Monday, October 24, 2011

Pioneering The Wedding Trail

Remember in elementary school when you finished you lesson with Mavis Beacon (typing skills nazi) and got to play "The Oregon Trail" until the end of computer class?  I do.  Mostly because it was TOTALLY AWESOME.

At my school, we only had one CD-ROM of the game, so you had to finish first out of the entire class to play.  Clearly my teachers were dumb and didn't take advantage of the fact that we would literally do ANYTHING for 5 minutes on the Oregon Trail.  Anything. (even math.)  Some of the lessons I learned for pioneering the Oregon Trail has really prepared me for wedding planning.  Here are a things I learned while avoiding rattle snakes and cholera:

Use Your Money Wisely
Get a budget and get on it people.  Figure out exactly what you can afford to spend and plan on only using 75% of that.  Because guess what?  Your axle will break, your sister will get cholera, you won't know if you should ford the river, and little Jimmy will go missing.  What do all of those events have in common?  They are going to cost you time and money.  And that's where the extra 25% will go.  Anticipate wedding related emergencies, replacements, and unforeseen costs - you're going to have them no matter how well you plan.  Also, spend money on the important stuff.  Prioritize.  Plan.  

You can't carry the buffalo back :(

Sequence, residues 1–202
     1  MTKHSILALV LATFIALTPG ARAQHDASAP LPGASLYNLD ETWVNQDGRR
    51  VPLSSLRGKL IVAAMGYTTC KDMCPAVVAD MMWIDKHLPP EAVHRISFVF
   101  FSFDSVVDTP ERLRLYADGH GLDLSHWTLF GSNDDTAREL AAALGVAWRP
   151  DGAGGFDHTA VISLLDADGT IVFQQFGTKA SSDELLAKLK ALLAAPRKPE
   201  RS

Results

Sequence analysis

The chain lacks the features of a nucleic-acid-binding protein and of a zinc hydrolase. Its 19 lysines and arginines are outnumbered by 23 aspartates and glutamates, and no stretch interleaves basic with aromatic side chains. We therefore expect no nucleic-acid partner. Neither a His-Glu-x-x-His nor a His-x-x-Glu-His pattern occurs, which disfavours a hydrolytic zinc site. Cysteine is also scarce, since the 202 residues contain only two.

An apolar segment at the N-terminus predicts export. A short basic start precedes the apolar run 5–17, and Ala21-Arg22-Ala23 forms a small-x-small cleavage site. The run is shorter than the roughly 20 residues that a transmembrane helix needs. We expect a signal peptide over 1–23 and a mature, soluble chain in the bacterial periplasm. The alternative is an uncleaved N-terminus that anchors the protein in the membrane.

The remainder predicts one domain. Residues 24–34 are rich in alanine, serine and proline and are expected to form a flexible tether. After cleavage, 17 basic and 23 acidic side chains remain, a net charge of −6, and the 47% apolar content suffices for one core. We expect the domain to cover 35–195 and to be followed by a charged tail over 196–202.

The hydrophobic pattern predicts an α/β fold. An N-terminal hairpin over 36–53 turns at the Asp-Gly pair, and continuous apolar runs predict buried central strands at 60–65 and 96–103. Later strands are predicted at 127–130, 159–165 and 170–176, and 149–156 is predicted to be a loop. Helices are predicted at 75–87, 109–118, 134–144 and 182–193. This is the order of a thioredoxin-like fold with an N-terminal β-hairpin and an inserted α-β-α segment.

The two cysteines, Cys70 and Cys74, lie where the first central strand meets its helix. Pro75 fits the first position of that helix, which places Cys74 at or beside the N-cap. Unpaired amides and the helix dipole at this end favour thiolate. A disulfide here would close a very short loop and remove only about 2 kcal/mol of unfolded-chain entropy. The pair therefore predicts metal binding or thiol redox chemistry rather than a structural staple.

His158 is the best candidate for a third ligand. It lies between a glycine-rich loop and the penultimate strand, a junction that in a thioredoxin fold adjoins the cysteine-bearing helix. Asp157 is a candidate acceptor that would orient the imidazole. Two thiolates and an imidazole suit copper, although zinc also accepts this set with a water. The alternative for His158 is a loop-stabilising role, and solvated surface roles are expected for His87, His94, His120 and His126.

Don't waste time and resources on things you can't use.  A little extra food for emergencies is a great idea, but 50 extra dinners will go to waste.  Also, ask for help.  You can't carry all of this on your own and your friends and family are probably more than willing and happy to help.  They don't know you're struggling; chances are you're really good at hiding it.  

You have died of dysentery
Stressing yourself out, not eating right, and putting looks above your health will all lead you getting sick.  Also I don't know about other brides, but I have bipolar eating habits due to wedding planning.  Either I am incredibly busy and forget to eat or I'm overwhelmed and want to stress-eat an entire box of oreos.  I know that makes no sense, but I really didn't promise it would. Moral:  Take care of your body.  Eat right and exercise when you can.  Eat that oreo when you really need it.
**Sidenote:  It's really embarrassing when you ask your teacher what dysentery is in front of the entire class.**

What's so freaking great about Oregon anyway?!
Remember that this journey is leading up to the rest of your life.  The adage "it's not about the destination, its about the journey" DOES NOT APPLY HERE.  It's where you'll be and who you're with at the end of the day that matters.  So don't sweat the small stuff, keep your loved ones close, and get excited about the future that awaits.

And there you have it.  Wedding lessons straight from the pioneers.  So much more useful than whatever that bitch Mavis was trying to teach me anyways.  She's just mad because they named her Mavis.

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